We opened our retreat reflecting on the seeds we have planted together with our studio partners and collaborators over the years. For this, we were honoured to have Laura Arndt from Feathers of Hope come join us as a guest speaker. Laura reminded us that powerful, liberatory design is about collaborative processes as much as it’s about beautiful craft. She spoke about what we do as solidarity work. Stay tuned for an upcoming blog post with reflections on her visit.
Inviting a trusted partner to reflect on a past or present collaboration can be a great way to reconnect with your organization’s history and growth. While we had prepared some interview questions (which we emailed Laura in advance), we recommend keeping it casual, and letting the conversation flow. Be sure to offer your guest(s) an honorarium or gift as a token of your appreciation for their time.
Step 4: Cook something yummy together.
Let it be said again and again: there’s nothing like cooking and eating together. This is a lesson from previous retreats that we couldn’t leave out, even if this time we were unable to be in the same kitchen. For our online retreat, we chose a recipe together and got the same groceries delivered to our homes a few days in advance. We installed our laptops and cellphones on our counters and made a delicious pad thai together, sharing cooking tips and stories with each other.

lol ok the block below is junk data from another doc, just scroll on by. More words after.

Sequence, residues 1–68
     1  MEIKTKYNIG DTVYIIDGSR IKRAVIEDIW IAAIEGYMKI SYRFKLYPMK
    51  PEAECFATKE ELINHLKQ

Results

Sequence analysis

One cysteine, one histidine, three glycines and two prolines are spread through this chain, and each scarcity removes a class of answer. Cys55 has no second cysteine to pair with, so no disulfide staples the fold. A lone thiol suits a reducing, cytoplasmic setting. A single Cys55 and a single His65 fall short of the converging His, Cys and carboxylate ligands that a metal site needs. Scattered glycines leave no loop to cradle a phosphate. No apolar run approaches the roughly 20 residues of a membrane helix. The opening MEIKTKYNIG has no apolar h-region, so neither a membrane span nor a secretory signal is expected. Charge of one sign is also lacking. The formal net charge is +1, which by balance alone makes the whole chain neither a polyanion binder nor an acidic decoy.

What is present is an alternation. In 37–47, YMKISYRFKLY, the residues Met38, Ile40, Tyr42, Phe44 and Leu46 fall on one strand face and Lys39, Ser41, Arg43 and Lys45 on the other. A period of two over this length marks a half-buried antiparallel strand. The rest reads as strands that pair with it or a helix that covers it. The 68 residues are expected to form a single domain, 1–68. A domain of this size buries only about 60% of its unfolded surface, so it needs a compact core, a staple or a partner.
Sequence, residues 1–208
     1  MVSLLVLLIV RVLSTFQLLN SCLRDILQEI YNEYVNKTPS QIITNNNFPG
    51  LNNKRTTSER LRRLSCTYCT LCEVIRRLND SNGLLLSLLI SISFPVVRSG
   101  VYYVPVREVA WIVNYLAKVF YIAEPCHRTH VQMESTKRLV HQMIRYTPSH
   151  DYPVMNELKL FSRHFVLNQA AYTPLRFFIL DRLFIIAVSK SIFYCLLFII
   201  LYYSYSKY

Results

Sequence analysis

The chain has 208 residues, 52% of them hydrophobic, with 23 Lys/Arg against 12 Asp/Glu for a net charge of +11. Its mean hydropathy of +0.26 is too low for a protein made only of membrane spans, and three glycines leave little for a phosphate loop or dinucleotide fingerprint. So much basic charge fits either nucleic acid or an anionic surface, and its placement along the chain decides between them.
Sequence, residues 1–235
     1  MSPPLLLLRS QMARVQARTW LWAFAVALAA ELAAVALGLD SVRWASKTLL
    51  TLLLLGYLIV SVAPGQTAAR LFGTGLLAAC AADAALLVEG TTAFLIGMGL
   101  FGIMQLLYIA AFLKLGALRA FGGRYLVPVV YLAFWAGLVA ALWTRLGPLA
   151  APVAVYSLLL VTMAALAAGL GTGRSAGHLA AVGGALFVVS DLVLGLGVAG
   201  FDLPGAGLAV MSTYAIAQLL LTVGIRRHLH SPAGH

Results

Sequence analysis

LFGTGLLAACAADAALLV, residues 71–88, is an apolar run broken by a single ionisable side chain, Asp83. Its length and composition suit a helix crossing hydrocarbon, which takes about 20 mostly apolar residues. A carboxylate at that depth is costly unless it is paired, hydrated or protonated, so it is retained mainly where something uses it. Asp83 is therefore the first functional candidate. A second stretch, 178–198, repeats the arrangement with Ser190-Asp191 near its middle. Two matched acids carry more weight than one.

We recommend choosing a recipe that is relatively fast to make (we took roughly 30 min between starting to chop our veggies and serving our dishes). When proposing a recipe, choose a meal with ingredients that are low-cost and easy to access, and don’t forget to consider any dietary restrictions folx might have.
Step 5: Make space for fun.
By far, our favorite part of this retreat was making space for arts and crafts activities! We transformed glass containers into beautiful, clay-like vases, using nothing but baking soda and paint. We also made wall art with materials salvaged from our recycling. Lastly, we each received an embroidery kit and watercolor paint stones to use in future activities. This was the start of a group commitment to more joy and fun in 2021. We’ll be taking time to hang out outside of the headspace of work, as a way to refill our creative and spiritual cups.
For this one, the sky’s the limit! Create a list of fun activities you and your team would like to try, and set time aside to meet on a regular basis (we suggest a monthly meeting). For arts and crafts activities, make sure to pick materials that are free/from your recycling whenever possible.
Step 6: Take time to appreciate each other.
We closed our retreat by writing (and later mailing) handwritten letters of appreciation to each other. This is a deeply personal and intimate piece that we include in every retreat we hold. While it can feel intimidating to do at first, try not to skip this step! During these extra difficult times, expressing our gratitude to each other and everything we do to make our shared spaces a reality, becomes all the more important. A heartfelt message can be a graceful reminder that, beyond the ubiquitous space of the screen, we are appreciated, cared for, seen.